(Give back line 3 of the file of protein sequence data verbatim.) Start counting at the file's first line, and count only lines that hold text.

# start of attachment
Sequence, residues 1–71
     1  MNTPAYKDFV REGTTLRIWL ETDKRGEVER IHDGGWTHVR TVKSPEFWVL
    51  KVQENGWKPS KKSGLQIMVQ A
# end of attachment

    51  KVQENGWKPS KKSGLQIMVQ A